1. I am running an application that communicates through a real serial port e.g. /dev/ttyS0 to a remote device. I can configure this application to use /dev/ttyS0, /dev/ttyS1, etc., by passing the numeric suffix to the program, not the fully-qualified name.

  2. I would like to sniff the traffic going through this serial port using something like jpnevulator. This jpnevulator opens a pseudo-terminal to which the application to be monitored is supposed to connect.

Is there any way to re-assign the name of the ports, for example /dev/ttyS1 to an actual pseudo-terminal such as /dev/pty/23, so that the application transparently connects to /dev/pty/23 via /dev/ttyS1? Would a file link ln achieve this?


1 Answer 1


If I were you, I would just edit the binary and replace the /dev/ttyS%d or similar string with /dev/ptyX%d (taking care that the replacement have the same length as the original), then create a symlink /dev/ptyX0 to the path of the slave end of the pseudo-terminal.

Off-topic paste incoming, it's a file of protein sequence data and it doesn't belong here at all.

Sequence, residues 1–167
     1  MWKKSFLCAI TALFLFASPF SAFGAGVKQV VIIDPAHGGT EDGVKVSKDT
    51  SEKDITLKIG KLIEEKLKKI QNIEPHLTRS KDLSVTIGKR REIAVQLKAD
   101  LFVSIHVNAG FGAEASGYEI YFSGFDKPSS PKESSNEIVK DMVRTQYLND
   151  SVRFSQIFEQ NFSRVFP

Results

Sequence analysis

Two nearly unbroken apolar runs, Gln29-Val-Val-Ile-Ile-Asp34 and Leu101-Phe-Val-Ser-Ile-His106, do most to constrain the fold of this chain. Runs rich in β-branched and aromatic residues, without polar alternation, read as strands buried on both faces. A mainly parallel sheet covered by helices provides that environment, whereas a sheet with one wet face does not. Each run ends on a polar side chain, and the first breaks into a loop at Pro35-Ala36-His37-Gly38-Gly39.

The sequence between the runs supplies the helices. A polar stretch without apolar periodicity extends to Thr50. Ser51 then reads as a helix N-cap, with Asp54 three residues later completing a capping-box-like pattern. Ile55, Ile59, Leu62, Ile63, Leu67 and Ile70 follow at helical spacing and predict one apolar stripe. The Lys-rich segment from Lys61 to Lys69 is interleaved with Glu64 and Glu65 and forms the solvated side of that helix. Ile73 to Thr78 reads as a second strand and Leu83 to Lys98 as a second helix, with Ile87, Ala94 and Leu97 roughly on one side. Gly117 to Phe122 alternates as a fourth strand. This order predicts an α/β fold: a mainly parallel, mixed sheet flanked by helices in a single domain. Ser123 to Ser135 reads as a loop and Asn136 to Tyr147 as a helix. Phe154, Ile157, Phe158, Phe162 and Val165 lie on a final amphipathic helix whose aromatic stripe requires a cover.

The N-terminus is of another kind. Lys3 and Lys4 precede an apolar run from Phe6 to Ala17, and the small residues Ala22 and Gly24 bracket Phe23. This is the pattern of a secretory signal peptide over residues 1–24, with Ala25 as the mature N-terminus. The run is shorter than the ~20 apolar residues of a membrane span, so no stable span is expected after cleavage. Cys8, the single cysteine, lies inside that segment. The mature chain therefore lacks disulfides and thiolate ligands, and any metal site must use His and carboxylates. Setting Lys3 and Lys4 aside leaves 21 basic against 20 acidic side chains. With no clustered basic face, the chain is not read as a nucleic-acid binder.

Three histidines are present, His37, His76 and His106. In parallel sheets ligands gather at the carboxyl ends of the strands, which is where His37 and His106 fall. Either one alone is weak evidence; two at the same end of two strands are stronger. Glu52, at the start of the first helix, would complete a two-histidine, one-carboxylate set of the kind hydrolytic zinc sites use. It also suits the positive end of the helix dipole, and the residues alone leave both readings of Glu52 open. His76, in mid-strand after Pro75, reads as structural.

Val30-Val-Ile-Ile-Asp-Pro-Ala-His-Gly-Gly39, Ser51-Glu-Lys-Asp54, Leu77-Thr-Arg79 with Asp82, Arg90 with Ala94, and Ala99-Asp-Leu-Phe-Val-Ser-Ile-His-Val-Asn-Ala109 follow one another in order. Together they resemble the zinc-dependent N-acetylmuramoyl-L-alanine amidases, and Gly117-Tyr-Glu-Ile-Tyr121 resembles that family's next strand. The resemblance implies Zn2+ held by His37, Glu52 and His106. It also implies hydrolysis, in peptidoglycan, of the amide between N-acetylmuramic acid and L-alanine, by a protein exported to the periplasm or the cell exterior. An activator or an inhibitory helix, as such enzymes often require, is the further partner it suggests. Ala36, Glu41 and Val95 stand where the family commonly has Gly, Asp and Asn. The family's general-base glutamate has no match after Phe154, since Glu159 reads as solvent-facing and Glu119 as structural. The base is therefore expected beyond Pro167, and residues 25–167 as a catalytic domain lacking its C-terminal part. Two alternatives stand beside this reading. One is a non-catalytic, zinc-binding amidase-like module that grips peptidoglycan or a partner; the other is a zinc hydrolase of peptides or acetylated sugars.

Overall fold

There are a lot of other solutions, more or less awkward:

a) if your system is linux, temporarily mount --bind /dev/pts/<pty used by the sniffer> /dev/ttyS2 (and connect your program to the serial line 2)

b) similarly, move /dev/ttyS2 out of the way and replace it with a link to the pty

c) run it inside qemu and redirect the serial port of the vm to the pty

d) some fake paths/filesystem solution using LD_PRELOAD

e) namespaces, unionfs, chroots, etc

  • I actually tried the symbolic link approach and the program barfed up an error message - "incorrect parameter" or something like that. I suspect that the program is setting up serial-port specific parameters that don't map well to the pseudo-terminal.
    – AWM
    Sep 14, 2018 at 15:05
  • Thanks for the other suggestions. I will try those when I get a chance.
    – AWM
    Sep 14, 2018 at 15:10

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